2). Instead of searching for a better educational environment, students look for better tests numbers. Lang Wood goes on by stating “Students can easily become discouraged and negative about education in general, which affects their learning ability” (par. 2). In addition to what Lang Wood believes, Stephens claims, students who are taking the test suffer from stress in result of worrying about passing it.
Devin Dufrene Essay 4 April 14, 2009 Failure Failure! Some students are afraid of it, Then again some students are given grades and passed anyway. Students should not be given grades and diplomas if they did not learn the necessary information and earn the grade. In this essay I will respond on how I agree with Mary Sherry in “In Praise of the F Word “on how students are hurt later in life First, if student doesn’t learn necessary information in high school he or she will not be able or having a lot off trouble in the after life with college or there new job. In example, if a student gets by in his English class not caring and not trying to learn, but his teacher likes the student so he passed him, when that student goes to college he will have trouble because he doesn’t know how to write a correct essay because he was given the grade.
NCLB was established so that students were not held back in a grade and were promoted to the next grade. I think this is a political aspect that is failing our students. If a student is not understanding the material or doesn’t pass the tests showing that they understand and can retain the information, I don’t believe that they should be promoted. I believe that it only hurts the students because they get more behind as they advance through the levels. The ethical issues that regard the high stakes testing is that it could be unfair to some students.
Of course you’re going to get teased, picked on, and called stupid. Not saying it’s right, but you control your own destiny. Meaning you control the work you do because you do it and turn it in. Also being over age for their classes can result in dropping out. Studies show that students who are over-age for their class was held back a grade level.
I mean, sure, grades are very motivational, but they are also very harming. Countless suicides are caused by grades and pressure, and I think it just really isn’t necessary to put a student on the spot like that. Let’s say a student makes straight A’s. That’s great in most cases, but does it really self-motivate the student into learning more, or does it give them a little lee-way to slack off and maybe not study as much? Or let’s say that a student gets straight C’s.
Instead of learning some actual useful information, teachers fret over the test rather than about how much that student is actually absorbing into their head. It has become a practice to ‘teach the test’ in today’s teaching world. Tests like SAT, ACT and AP have you pay quite a bit and don’t even show you what you did wrong, blocking out the possibility of even trying to learn from your mistakes. It is believed to be a clever tactic used to gain more profit, students keep coming back to prove they are worth more with those silly numbers. They stress day and night over these overrated tests, like previously stated channeling out the imagination, curiosity and good will.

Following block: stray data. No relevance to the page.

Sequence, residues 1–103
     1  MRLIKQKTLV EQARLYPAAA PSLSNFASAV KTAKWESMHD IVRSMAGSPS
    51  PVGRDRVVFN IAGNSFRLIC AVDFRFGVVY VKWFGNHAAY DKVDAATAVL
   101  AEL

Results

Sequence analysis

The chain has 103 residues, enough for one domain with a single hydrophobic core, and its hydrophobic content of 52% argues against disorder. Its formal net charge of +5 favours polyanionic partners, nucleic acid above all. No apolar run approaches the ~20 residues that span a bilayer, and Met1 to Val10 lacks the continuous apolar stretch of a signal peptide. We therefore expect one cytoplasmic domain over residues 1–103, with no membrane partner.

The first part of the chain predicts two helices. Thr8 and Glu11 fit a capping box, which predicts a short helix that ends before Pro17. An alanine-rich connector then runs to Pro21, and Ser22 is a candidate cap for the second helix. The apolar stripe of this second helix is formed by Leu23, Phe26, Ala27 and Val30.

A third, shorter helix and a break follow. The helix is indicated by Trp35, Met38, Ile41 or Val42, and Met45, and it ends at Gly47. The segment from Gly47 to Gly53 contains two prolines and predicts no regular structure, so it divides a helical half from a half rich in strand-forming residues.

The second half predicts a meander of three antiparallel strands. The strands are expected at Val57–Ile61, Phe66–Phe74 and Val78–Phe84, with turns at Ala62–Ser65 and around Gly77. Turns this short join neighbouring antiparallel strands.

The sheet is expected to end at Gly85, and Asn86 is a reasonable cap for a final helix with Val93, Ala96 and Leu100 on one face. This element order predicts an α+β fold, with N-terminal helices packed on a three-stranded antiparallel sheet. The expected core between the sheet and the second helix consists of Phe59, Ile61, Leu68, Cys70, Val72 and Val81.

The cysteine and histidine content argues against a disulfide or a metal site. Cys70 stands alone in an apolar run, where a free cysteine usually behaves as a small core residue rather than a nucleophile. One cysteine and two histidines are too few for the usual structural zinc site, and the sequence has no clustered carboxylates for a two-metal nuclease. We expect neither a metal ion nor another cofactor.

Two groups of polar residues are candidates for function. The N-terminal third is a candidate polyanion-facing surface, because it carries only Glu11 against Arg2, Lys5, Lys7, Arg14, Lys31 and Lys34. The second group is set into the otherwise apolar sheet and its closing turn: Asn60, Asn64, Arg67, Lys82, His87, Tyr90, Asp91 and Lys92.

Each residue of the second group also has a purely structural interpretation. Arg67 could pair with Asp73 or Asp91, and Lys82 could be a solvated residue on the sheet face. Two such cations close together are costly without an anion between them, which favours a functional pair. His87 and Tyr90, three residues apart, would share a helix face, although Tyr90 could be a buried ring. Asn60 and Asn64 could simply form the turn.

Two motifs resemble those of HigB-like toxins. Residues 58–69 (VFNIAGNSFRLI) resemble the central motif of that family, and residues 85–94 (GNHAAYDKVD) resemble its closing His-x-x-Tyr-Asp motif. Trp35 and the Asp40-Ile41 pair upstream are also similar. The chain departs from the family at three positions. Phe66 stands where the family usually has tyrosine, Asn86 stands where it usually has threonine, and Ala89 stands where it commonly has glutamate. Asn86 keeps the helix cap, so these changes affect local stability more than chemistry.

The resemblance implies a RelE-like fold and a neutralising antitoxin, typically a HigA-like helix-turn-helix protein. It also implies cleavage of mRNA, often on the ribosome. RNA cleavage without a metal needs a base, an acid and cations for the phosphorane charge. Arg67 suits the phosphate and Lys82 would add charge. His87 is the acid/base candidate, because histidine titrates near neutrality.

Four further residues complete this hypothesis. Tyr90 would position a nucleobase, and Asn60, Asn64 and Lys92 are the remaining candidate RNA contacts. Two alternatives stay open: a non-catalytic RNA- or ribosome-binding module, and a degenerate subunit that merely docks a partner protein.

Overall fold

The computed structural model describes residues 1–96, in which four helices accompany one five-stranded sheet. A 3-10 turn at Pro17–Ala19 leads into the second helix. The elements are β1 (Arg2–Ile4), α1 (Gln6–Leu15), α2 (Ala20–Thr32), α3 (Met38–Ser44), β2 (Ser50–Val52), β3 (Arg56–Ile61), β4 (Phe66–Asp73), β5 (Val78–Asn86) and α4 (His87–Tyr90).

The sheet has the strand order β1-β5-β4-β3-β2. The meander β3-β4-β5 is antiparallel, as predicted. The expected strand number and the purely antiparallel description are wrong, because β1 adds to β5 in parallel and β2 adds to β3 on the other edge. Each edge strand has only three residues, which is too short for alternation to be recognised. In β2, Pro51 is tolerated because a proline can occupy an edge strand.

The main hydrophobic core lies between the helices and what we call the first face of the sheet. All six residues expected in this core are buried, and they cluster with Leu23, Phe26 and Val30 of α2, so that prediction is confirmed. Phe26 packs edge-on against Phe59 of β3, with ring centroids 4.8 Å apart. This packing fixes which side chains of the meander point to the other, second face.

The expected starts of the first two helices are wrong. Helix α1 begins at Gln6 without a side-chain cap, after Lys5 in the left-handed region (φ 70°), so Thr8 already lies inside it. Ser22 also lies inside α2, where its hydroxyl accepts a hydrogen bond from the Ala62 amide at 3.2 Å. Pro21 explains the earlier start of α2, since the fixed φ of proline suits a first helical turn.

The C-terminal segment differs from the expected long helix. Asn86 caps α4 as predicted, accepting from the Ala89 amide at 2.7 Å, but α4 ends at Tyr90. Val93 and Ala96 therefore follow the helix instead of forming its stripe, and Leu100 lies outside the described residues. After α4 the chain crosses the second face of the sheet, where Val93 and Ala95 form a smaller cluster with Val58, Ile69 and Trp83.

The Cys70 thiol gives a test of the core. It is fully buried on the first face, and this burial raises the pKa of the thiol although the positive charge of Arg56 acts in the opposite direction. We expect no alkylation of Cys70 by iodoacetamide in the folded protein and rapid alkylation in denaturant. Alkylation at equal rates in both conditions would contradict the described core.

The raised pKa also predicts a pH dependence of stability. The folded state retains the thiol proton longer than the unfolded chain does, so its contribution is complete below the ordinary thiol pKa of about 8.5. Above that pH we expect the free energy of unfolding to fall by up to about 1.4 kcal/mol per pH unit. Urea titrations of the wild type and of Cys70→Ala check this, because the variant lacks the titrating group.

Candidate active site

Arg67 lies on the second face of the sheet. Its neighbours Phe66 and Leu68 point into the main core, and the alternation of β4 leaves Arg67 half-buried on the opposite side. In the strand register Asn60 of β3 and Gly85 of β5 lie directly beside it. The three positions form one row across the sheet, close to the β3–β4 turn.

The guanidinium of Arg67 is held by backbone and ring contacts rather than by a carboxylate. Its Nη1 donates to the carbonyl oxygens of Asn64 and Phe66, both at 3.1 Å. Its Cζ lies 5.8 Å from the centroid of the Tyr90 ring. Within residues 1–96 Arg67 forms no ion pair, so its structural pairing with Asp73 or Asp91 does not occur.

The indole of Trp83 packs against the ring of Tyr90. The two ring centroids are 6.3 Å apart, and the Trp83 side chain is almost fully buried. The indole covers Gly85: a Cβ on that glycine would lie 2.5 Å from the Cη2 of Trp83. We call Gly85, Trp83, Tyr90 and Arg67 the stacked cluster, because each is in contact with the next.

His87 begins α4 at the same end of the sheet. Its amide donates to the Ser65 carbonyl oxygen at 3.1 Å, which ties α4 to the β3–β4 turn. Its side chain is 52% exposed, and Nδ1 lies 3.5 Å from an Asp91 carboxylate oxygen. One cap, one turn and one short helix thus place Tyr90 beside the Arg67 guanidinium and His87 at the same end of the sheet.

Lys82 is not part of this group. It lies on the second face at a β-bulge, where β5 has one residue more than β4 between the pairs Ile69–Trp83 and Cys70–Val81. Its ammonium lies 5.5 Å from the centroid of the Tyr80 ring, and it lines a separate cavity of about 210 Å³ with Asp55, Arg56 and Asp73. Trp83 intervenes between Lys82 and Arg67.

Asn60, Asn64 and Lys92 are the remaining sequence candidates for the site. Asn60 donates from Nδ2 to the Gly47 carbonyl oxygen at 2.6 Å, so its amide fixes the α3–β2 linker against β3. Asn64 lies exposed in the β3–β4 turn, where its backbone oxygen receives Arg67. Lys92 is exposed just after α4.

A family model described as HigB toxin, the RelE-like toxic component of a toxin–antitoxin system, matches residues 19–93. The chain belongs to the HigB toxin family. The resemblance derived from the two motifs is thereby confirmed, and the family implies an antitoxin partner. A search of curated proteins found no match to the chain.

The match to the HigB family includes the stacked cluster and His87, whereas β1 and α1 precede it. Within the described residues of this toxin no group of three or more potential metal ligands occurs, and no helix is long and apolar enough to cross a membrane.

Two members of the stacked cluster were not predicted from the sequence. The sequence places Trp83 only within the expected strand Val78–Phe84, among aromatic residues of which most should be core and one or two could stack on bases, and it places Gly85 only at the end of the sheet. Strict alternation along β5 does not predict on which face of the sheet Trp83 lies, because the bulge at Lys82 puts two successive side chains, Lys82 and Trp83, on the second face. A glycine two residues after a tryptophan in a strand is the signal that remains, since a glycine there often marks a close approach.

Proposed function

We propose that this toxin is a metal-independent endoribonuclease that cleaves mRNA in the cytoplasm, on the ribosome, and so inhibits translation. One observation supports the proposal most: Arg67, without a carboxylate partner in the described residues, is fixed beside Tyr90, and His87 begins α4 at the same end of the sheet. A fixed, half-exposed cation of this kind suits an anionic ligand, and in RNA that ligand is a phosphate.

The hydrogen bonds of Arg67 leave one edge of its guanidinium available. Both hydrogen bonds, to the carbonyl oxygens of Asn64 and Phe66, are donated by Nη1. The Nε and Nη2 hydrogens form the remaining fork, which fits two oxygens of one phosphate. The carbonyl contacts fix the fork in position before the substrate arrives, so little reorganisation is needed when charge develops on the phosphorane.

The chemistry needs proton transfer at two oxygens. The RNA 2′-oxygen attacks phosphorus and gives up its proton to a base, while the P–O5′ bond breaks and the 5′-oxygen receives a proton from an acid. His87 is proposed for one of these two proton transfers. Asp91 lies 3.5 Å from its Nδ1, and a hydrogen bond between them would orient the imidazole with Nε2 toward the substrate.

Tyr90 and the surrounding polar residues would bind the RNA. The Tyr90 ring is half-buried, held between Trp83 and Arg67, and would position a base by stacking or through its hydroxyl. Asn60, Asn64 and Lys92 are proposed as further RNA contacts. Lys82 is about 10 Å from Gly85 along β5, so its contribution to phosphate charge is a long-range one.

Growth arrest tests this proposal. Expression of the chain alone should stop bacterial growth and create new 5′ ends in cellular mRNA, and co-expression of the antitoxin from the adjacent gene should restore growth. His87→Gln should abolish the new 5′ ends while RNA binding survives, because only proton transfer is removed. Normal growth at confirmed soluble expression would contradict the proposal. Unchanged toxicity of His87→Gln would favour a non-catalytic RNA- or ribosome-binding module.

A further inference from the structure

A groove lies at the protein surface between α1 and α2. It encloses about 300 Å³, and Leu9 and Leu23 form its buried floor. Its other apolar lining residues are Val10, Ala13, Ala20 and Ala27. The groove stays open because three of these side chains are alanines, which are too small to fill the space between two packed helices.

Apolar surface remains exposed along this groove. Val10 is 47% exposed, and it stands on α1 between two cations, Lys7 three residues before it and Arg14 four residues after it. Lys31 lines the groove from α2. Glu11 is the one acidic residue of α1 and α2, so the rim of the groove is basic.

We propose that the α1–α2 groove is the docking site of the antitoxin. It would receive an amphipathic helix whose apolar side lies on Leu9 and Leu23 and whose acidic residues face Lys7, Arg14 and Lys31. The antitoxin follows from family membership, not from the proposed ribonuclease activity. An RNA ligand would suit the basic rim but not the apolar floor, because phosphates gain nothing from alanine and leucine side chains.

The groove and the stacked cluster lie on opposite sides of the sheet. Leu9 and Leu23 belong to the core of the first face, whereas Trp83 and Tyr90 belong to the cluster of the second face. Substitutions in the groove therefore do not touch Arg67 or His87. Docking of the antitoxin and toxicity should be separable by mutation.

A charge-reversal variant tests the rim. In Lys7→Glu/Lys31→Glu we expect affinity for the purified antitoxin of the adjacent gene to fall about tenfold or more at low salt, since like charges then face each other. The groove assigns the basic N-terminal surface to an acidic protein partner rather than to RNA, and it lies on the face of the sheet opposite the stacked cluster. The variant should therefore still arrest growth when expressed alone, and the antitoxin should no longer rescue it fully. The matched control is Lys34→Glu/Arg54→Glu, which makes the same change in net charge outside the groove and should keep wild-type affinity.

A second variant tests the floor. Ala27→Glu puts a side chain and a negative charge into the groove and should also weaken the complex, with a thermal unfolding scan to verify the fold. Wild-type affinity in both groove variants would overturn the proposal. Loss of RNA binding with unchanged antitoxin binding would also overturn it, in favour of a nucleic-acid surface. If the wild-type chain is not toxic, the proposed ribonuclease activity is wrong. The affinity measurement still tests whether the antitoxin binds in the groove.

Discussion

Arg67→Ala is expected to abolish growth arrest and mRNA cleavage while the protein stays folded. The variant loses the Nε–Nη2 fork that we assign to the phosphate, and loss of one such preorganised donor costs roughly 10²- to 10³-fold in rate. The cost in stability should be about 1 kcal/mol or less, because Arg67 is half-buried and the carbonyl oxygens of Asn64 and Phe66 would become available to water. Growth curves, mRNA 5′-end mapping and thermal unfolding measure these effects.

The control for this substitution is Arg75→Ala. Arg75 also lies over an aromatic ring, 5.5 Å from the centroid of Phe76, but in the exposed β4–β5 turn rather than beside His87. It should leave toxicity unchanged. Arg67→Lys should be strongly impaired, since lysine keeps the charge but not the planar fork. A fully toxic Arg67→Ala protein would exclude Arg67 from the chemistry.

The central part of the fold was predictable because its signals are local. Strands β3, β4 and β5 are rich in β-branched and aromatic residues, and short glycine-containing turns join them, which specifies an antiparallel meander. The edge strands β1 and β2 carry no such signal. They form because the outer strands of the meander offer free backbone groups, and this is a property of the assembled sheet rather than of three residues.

Sickness and school is what has gotten me to my mental state. I suffer from migraines which when I have them effects my concentration and sight (makes things fuzzy etc) so when I have a migraine I can’t go to school because the only way to get rid of it is to rest it off. When my migraines become worse I get more time off school and then I get behind in school work which stresses me out and starts of my anxiety. Even if I didn’t have my migraines I would still be stressed about work but not to the extent I experience when I’ve been
Most students try to avoid being lectured or get in trouble for something they can avoid. This is definitely extrinsic motivation that in turn create intrinsic motivation. Also, being able to see others students succeed around them can also motivate. If I don't care about my homework but I see that my friends do, I might be more likely to start caring about it
In “Grades and Money” by Steve Vogel, the author mentions, “… they talk about their grades all the time”(Page 389). Students rarely speak about what they are learning from the course, which is what education is all about. They don’t understand that grades just show if you passed or failed the course. Instead of taking a course that they are interested in, students take courses that they will be able to earn a high grade. “By tying grades to money, we give students incentives not to take risks” (Vogel, 392) that stop them from choosing challenging courses in college.
There are some major problems with using them. Students with high I.Q’s are expected to do better than the rest of their class, and on the flip side students with low I.Q.’s are expected to do worse. That is not always fair because students with low I.Q.’s might not get the attention needed simply because their teachers do not expect much from them. In the end there is no fairness to some. This leads to an ethical question of, is giving an intelligence test ethical?